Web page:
It’s always nice when someone sends you good news. Usually, you’ll want to thank them for providing you with positive information.
But is “thank you for the good news” the best way to do this formally? This article will explore this phrase and some great alternatives.
- That’s great to hear
- Thank you for sharing such good news
- That’s really good news
- That’s wonderful news
- Thanks for sharing that information
- I appreciate the positive note
- What great news!
- Thanks for letting me know
- Thanks for informing me about this good news
Keep reading to learn how to respond to good news professionally. You can also review the email examples provided for each phrase.
1. That’s Great to Hear
Let’s start with “that’s great to hear.” It’s an excellent alternative that shows you how to say “thank you for the good news.”
It’s a positive response that shows you’re happy to receive news.
We highly recommend it when someone has shared something good with you. For instance, try it when colleagues share some good news.
You can also review this email example:
That’s great to hear. Thank you for sharing such positive news with me. I can’t wait to hear more.
All the best,
2. Thank You for Sharing Such Good News
Great news is always fantastic to hear. You should know how to say thank you after reading great news, and “thank you for sharing such good news” is a great way to do this.
We recommend using this when thanking your clients for positive news. For instance, they might let you know that they’re happy to start a new proposal with you.
You should share your enthusiasm if you’re overjoyed by the news. That’s why this phrase comes in handy in most formal emails.
If you’re still unsure, review this sample email:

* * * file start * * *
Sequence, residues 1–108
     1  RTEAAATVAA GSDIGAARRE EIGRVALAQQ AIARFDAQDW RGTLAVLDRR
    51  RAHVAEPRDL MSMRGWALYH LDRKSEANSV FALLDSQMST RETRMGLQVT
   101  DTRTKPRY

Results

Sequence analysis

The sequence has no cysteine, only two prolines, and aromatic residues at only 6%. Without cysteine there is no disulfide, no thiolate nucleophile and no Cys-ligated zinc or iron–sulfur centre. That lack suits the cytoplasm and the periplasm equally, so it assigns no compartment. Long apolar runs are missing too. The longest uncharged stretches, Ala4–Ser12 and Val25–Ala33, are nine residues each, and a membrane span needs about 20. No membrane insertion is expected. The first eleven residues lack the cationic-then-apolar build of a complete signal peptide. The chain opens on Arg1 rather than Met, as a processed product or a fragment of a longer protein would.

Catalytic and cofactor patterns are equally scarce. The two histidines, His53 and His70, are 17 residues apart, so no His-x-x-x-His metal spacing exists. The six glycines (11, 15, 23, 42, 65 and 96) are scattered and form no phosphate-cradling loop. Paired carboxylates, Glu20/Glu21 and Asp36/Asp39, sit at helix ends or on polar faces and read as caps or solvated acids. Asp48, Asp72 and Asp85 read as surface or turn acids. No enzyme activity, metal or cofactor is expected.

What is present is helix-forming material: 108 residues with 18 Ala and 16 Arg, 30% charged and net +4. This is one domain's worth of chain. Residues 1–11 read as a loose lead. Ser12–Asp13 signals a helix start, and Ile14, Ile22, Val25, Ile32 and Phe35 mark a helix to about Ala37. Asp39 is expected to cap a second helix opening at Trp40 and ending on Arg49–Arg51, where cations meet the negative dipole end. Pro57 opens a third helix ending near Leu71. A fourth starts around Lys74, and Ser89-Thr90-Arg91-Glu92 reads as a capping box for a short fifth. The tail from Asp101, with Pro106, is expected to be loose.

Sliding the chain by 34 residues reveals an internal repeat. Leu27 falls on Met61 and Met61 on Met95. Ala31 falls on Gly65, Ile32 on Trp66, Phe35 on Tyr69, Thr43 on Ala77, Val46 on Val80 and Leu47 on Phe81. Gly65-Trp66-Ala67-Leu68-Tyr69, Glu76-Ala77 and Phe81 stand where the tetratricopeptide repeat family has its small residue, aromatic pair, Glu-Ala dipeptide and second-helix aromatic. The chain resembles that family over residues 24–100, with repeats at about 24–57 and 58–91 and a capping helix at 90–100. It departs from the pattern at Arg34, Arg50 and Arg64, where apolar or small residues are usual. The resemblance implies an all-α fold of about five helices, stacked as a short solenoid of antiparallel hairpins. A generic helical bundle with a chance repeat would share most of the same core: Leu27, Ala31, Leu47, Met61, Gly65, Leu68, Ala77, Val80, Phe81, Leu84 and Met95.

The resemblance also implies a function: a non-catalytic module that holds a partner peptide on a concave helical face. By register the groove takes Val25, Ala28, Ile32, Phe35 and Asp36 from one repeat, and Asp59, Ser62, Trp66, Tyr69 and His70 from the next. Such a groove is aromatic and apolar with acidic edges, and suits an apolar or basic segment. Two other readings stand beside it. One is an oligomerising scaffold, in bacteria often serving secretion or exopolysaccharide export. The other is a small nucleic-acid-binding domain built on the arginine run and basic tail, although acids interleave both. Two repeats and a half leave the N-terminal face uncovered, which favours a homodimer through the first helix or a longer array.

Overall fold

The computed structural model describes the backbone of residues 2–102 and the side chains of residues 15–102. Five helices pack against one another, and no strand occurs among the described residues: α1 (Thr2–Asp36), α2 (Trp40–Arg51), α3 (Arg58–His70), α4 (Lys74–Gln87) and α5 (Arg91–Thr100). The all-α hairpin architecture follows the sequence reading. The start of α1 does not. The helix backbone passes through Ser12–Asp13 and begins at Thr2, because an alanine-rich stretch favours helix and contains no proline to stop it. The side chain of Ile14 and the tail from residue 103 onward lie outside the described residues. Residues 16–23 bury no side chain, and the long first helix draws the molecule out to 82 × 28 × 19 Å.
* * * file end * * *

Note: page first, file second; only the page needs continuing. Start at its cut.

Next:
Thank you for sharing such good news. I knew that things would start to look up as we moved forward.
3. That’s Really Good News
You can also use “that’s really good news” instead of “thank you for the good news.” It might seem like a more subtle alternative, but it’s still effective.
Try it when emailing your employees. It shows you’re happy to hear from them, especially if they’ve shared some positive news.
Naturally, this phrase is quite generic. So, it works well in both formal and informal contexts.
We also recommend checking out this example:
That’s really good news. I knew I could count on you to get this done. Thank you so much for your efforts.
4. That’s Wonderful News
Another way to say “thank you for the good news” is “that’s wonderful news.” We highly recommend using it if you have a good relationship with the recipient.
It’s a great way to build a working connection with someone as well. After all, it’s very positive and friendly.
You may try it when emailing a client. It’s quite effective if you’re trying to convince them to keep working with your company.
The friendlier you are to your clients, the more likely they’ll be to stick around.
Here’s a great email example to show you how it works:
Dear Mr. Stevens,
That’s wonderful news! You must be so happy to finally have the product. We’re glad we could sort it out for you.
5. Thanks for Sharing That Information
“Thanks for sharing that information” is a great synonym for “thank you for the good news.” It keeps things polite and respectful without going overboard (i.e., making it too friendly).